more or less on precepts

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Thanks to Marcus and ChongGo Sunim, I’ve been further educated on the second set of precepts.

The ones that I found online are intended for someone wishing to become a monk or nun, rather than someone like myself. They are also the traditional precepts of the Theravada tradition. As Marcus pointed out, if I were to take the next five precepts in the Mahayana tradition, they would be more or less as follows:

6. I vow not to talk about the faults of others.
7. I vow not to praise myself and disparage others.
8. I vow not to be covetous, but to be generous with material or spiritual aid.
9. I vow not to give way to anger, but to be harmonious.
10. I vow not to slander the three jewels.

These precepts seem very reasonable to me, actually. I still feel like I need to focus on the first five, for now, however. When I feel as though I’ve done well by them, the next five would be a good step.

6 responses »

  1. Hi Joseph,
    I’ve heard a number of times that if one can fully keep the spirit of the first five precepts, they’ll naturally uphold all of the rest of the precepts.
    While these five look like they’re just addressing harmful behaviors, they’re also deep expressions of our interconnectedness. With, for me, 5 more specific reminders about the most common things people get hung up on. (These being the Mahayana precepts 6-10.)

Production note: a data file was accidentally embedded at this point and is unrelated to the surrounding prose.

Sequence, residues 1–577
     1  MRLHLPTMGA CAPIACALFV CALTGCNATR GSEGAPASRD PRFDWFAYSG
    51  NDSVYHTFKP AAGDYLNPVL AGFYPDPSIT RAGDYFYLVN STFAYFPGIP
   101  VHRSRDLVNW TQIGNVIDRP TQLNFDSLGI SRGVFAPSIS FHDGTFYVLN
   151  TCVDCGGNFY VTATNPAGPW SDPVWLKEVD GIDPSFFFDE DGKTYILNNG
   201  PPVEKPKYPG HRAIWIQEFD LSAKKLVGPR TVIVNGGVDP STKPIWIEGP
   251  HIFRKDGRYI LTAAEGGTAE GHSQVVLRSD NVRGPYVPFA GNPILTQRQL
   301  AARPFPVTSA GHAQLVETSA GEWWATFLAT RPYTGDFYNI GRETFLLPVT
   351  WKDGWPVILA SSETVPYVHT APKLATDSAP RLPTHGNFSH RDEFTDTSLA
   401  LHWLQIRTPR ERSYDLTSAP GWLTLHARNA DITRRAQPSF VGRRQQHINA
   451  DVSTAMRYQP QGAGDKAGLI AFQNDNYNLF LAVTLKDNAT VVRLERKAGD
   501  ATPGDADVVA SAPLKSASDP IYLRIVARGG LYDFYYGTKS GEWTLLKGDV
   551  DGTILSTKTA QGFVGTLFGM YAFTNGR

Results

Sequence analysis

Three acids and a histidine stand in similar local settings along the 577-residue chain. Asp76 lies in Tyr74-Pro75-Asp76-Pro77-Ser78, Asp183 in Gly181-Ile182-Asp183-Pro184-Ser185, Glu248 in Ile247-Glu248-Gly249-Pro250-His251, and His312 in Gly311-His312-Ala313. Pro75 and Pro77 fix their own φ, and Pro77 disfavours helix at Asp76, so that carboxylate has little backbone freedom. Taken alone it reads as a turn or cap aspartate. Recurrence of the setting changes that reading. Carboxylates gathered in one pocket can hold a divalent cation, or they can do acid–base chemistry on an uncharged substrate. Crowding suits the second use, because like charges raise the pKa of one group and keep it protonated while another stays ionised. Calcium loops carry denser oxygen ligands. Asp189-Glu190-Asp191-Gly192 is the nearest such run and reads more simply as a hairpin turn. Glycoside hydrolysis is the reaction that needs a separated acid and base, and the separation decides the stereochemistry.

2. I love these extra ones. They seem very reasonable. I’d say that they’re implicit in the original five, but since we’re knuckleheaded sentient beings, we need it spelled out for us! LOL

    I’m going to do my best to follow these.

    As an aside, I actually *did* quit drinking two days ago. I threw about a dozen bottles of booze in the dumpster. I’ve realized how much it’s harming my health and how tired and angry I always feel. I read a book on Chinese medicine and it really enlightened me how alcohol, coffee, etc negatively effect our energy (too much heat) and all of my symptoms and anger are clearly correlated to this over-consumption of heat. I’m f***ing sick of being angry!!
    LOL ^^

  3. The precepts (6-10) provided by Marcus are nearly identical to those used by Zen Master Seung Sahn. In the Kwan Um School tradition, students can take 5, 10, 16, and 64 precepts, provided that they meet the related criteria.

    In my own training, I work with the precepts as tools for the examination of my relationships with the world around me.

    I take it for granted that I will make mistakes. The precepts help me gain awareness of the mistakes and troubles I create. Through this, I might shift a little closer to the fundamental precepts of “do no harm, try to help.” It’s ongoing work.

  4. I miss anywhere that I’m not and that was in the past. I had an insight the other week:

    I want to be anywhere I’m not.

    I carry the problem around inside and project it wherever I am. Talk about a bummer! LOL

    But I *do* miss Korea and you guys as well.

    • Probably not long after you wrote this, i had a dream that you were moving back to Seoul. You were also with Marcus, it was nice to sort of hang out with the two of you.
      I woke up almost thinking you were actually coming.

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